The Dark History of Algorithms

Colourful graphic equaliser cartoon, representing frequencies

Zin Derfoufi, a Computer Science student at Queen Mary, delves into some of the dark secrets of algorithms past.

Algorithms are used throughout modern life for the benefit of mankind whether as instructions in special programs to help disabled people, computer instructions in the cars we drive or the specific steps in any calculation. The technologies that they are employed in have helped save lives and also make our world more comfortable to live it. However, beneath all this lies a deep, dark, secret history of algorithms plagued with schemes, lies and deceit.

Algorithms have played a critical role in some of History’s worst and most brutal plots even causing the downfall and rise of nations and monarchs. Ever since humans have been sent on secret missions, plotted to overthrow rulers or tried to keep the secrets of a civilisation unknown, nations and civilisations have been using encrypted messages and so have used algorithms. Such messages aim to carry sensitive information recorded in such a way that it can only make sense to the sender and recipient whilst appearing to be gibberish to anyone else. There are a whole variety of encryption methods that can be used and many people have created new ones for their own use: a risky business unless you are very good at it.

One example is the ‘Caesar Cipher’ which is named after Julius Caesar who used it to send secret messages to his generals. The algorithm was one where each letter was replaced by the third letter down in the alphabet so A became D, B became E, etc. Of course, it means that the recipient must know of the algorithm (sequence to use) to regenerate the original letters of the text otherwise it would be useless. That is why a simple algorithm of “Move on 3 places in the alphabet” was used. It is an algorithm that is easy for the general to remember. With a plain English text there are around 400,000,000,000,000,000,000,000,000 different distinct arrangements of letters that could have been used! With that many possibilities it sounds secure. As you can imagine, this would cause any ambitious codebreaker many sleepless nights and even make them go bonkers!!! It became so futile to try and break the code that people began to think such messages were divine!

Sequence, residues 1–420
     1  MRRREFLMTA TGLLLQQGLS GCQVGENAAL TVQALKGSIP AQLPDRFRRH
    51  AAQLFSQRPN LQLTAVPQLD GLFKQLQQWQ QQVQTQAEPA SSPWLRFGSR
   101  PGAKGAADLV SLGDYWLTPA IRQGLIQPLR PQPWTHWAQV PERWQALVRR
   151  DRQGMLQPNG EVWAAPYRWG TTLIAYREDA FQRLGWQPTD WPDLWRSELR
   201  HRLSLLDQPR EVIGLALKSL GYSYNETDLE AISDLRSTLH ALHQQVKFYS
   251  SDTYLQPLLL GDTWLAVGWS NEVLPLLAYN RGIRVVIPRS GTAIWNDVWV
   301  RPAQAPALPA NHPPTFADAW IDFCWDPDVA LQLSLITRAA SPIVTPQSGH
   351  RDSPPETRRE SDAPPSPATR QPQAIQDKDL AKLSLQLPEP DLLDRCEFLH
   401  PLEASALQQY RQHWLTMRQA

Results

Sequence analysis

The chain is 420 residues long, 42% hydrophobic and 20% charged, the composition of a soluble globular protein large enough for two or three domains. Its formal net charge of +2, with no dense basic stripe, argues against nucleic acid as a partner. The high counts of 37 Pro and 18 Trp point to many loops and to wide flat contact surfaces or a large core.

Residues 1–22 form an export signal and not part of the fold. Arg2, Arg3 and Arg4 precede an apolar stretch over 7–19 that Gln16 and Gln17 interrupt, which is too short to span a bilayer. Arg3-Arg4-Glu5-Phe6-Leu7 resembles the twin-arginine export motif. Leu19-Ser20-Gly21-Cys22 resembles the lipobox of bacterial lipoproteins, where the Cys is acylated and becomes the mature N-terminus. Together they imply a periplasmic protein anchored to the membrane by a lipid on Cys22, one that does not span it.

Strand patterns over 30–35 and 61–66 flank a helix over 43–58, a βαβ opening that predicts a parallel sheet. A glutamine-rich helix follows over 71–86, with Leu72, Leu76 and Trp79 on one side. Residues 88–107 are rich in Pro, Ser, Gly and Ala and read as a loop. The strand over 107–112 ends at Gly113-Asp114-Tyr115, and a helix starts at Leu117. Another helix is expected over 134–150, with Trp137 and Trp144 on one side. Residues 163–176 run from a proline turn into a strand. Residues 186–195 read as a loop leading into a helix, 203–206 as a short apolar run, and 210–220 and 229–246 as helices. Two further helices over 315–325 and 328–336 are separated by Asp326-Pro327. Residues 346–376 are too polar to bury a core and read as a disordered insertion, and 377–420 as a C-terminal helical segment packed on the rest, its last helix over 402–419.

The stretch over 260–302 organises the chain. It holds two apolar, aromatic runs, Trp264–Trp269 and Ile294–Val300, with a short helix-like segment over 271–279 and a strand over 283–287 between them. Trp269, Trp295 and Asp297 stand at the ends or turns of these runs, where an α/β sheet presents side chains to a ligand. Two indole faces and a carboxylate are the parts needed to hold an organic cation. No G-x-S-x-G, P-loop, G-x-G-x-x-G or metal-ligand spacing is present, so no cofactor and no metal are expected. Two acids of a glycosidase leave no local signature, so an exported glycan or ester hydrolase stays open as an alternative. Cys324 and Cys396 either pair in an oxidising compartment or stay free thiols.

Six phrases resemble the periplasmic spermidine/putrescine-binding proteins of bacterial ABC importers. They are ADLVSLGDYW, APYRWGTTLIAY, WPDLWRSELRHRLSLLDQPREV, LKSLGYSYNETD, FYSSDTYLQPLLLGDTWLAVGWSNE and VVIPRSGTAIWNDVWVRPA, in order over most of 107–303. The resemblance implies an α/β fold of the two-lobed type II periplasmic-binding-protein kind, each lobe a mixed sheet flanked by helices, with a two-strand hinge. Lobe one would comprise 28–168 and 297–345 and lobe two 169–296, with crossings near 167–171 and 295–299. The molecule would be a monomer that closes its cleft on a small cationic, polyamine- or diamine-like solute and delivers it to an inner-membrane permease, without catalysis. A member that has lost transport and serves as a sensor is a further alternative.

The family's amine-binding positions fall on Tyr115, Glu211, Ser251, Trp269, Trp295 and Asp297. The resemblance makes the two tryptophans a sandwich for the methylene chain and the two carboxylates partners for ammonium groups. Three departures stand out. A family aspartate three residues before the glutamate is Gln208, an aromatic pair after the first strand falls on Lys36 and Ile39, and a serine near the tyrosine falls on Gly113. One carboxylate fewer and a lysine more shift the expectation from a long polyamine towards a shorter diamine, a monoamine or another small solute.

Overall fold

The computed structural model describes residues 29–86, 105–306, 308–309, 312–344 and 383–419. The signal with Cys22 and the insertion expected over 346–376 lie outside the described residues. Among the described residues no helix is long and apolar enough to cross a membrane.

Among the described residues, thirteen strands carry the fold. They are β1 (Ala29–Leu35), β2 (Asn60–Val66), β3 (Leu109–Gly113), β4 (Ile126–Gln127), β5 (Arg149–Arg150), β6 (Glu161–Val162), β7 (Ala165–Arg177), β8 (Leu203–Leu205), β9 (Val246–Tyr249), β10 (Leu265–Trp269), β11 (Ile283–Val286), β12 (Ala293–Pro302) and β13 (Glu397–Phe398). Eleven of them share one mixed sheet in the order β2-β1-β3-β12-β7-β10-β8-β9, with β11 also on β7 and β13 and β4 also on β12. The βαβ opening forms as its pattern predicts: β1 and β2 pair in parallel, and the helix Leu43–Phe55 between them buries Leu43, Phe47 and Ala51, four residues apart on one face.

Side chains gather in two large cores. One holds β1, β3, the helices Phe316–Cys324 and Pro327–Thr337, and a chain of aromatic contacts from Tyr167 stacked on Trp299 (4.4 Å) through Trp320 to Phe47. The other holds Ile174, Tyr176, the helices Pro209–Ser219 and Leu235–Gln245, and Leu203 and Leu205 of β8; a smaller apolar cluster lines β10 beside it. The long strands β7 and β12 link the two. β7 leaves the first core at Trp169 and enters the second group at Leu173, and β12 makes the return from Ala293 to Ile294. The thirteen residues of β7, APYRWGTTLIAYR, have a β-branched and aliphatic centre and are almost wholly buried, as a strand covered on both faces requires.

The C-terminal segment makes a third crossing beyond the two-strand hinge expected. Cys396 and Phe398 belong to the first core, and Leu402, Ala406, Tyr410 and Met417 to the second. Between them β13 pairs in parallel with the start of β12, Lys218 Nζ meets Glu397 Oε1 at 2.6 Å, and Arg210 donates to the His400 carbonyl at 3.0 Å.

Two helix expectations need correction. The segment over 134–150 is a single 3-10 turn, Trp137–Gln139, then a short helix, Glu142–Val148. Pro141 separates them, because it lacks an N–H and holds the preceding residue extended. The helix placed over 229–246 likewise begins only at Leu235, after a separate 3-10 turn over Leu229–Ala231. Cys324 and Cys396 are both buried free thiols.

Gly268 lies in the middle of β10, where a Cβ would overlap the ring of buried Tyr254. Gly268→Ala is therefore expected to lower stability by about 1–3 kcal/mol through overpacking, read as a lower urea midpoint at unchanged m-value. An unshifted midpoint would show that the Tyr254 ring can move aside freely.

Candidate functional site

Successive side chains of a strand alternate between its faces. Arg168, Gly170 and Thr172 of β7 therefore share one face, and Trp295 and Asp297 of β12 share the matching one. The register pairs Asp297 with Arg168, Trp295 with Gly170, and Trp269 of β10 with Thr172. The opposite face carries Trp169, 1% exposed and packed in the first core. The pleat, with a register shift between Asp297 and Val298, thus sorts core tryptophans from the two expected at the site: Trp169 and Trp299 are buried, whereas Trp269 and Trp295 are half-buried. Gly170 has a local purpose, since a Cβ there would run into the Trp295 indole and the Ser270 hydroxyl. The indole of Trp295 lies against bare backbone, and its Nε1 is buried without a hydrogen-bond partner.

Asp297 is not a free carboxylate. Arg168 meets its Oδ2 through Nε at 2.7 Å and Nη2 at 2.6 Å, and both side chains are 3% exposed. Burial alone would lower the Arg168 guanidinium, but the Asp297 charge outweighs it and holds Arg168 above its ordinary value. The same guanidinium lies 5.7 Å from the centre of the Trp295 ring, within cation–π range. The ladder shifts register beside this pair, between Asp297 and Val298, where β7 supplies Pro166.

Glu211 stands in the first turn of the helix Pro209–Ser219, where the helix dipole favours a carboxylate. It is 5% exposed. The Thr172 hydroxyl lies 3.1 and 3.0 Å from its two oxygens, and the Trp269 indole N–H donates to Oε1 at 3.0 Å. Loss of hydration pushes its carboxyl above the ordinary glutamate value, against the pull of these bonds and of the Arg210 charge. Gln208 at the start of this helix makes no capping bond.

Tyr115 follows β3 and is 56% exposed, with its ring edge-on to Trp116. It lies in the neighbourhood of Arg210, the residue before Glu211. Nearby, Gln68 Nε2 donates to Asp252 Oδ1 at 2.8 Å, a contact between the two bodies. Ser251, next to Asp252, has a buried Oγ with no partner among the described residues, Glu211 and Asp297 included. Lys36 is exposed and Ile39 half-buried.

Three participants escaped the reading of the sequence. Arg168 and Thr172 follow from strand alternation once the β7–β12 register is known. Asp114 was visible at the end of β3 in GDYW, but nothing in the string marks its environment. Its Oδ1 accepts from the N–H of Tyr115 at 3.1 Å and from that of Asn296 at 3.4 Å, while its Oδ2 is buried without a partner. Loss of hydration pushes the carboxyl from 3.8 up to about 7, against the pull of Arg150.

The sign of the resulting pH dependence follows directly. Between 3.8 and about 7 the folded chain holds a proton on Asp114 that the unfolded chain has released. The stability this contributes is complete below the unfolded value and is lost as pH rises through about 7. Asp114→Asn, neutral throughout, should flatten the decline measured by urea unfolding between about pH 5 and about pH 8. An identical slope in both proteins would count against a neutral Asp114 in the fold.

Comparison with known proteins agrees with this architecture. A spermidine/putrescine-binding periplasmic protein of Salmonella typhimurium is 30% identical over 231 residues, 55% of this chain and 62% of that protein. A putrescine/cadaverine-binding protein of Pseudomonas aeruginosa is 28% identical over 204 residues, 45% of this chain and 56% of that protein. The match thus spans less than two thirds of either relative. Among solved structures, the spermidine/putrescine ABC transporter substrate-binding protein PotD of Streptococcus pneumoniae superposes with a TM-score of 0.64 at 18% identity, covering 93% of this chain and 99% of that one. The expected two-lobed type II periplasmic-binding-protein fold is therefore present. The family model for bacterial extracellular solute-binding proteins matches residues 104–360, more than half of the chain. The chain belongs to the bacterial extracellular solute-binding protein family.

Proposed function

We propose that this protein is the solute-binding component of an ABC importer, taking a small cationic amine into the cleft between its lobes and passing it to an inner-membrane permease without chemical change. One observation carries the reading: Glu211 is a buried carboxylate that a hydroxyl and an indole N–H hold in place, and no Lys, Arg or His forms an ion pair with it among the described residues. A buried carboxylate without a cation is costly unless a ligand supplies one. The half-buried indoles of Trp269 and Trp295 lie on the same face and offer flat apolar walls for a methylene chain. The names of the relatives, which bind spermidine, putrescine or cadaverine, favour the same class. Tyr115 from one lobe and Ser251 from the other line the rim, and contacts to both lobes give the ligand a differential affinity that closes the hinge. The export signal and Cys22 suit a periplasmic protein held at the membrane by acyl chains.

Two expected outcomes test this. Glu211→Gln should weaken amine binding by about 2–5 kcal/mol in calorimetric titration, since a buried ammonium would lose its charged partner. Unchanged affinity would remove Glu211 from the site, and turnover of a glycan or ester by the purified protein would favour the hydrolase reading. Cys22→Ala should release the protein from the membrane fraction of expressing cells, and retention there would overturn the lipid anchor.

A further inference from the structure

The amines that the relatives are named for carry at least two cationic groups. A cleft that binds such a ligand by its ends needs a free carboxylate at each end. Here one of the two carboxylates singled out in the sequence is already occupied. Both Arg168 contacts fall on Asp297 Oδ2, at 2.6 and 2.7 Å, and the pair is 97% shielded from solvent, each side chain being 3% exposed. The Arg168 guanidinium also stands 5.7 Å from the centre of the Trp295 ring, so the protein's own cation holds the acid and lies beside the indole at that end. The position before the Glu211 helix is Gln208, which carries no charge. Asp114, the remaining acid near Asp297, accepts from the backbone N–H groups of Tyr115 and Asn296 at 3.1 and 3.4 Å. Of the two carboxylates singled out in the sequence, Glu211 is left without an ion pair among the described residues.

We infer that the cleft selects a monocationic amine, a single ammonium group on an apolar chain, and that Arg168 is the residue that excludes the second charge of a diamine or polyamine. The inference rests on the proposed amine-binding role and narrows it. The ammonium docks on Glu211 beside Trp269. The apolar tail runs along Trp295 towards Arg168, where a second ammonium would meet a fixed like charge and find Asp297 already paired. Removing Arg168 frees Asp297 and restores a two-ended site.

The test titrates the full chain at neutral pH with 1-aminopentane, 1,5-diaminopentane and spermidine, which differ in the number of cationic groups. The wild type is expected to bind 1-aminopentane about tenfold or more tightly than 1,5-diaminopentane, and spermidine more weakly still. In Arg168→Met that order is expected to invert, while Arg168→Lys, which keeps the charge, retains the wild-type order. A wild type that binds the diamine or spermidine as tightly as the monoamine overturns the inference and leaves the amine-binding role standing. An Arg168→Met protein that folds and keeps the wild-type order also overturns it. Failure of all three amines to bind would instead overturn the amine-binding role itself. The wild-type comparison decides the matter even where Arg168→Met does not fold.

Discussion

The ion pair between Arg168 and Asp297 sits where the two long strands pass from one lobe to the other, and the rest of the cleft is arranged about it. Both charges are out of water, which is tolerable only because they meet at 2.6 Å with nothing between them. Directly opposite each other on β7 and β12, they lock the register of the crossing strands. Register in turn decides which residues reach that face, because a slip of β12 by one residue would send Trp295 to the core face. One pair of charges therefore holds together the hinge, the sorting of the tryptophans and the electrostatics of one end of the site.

But then something significant happened. In the 9th Century a Muslim, Arabic Scholar changed the face of cryptography forever. His name was Abu Yusuf Ya’qub ibn Ishaq Al-Kindi -better known to the West as Alkindous. Born in Kufa (Iraq) he went to study in the famous Dar al-Hikmah (house of wisdom) found in Baghdad- the centre for learning in its time which produced the likes of Al-Khwarzimi, the father of algebra – from whose name the word algorithm originates; the three Bana Musa Brothers; and many more scholars who have shaped the fields of engineering, mathematics, physics, medicine, astrology, philosophy and every other major field of learning in some shape or form.